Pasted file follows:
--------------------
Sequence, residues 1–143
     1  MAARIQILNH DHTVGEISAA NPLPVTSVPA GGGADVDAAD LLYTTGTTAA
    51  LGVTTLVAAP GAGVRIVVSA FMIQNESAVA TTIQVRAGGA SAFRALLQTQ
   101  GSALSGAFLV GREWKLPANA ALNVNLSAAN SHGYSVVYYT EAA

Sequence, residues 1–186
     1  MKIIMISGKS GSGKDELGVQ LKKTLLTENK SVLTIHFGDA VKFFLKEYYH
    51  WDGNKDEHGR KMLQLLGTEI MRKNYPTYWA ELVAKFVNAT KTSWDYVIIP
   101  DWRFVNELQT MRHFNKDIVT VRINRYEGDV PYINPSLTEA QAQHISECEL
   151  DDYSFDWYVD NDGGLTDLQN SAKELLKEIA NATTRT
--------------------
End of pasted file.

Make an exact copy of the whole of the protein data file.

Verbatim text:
Sequence, residues 1–143
     1  MAARIQILNH DHTVGEISAA NPLPVTSVPA GGGADVDAAD LLYTTGTTAA
    51  LGVTTLVAAP GAGVRIVVSA FMIQNESAVA TTIQVRAGGA SAFRALLQTQ
   101  GSALSGAFLV GREWKLPANA ALNVNLSAAN SHGYSVVYYT EAA

Sequence, residues 1–186
     1  MKIIMISGKS GSGKDELGVQ LKKTLLTENK SVLTIHFGDA VKFFLKEYYH
    51  WDGNKDEHGR KMLQLLGTEI MRKNYPTYWA ELVAKFVNAT KTSWDYVIIP
   101  DWRFVNELQT MRHFNKDIVT VRINRYEGDV PYINPSLTEA QAQHISECEL
   151  DDYSFDWYVD NDGGLTDLQN SAKELLKEIA NATTRT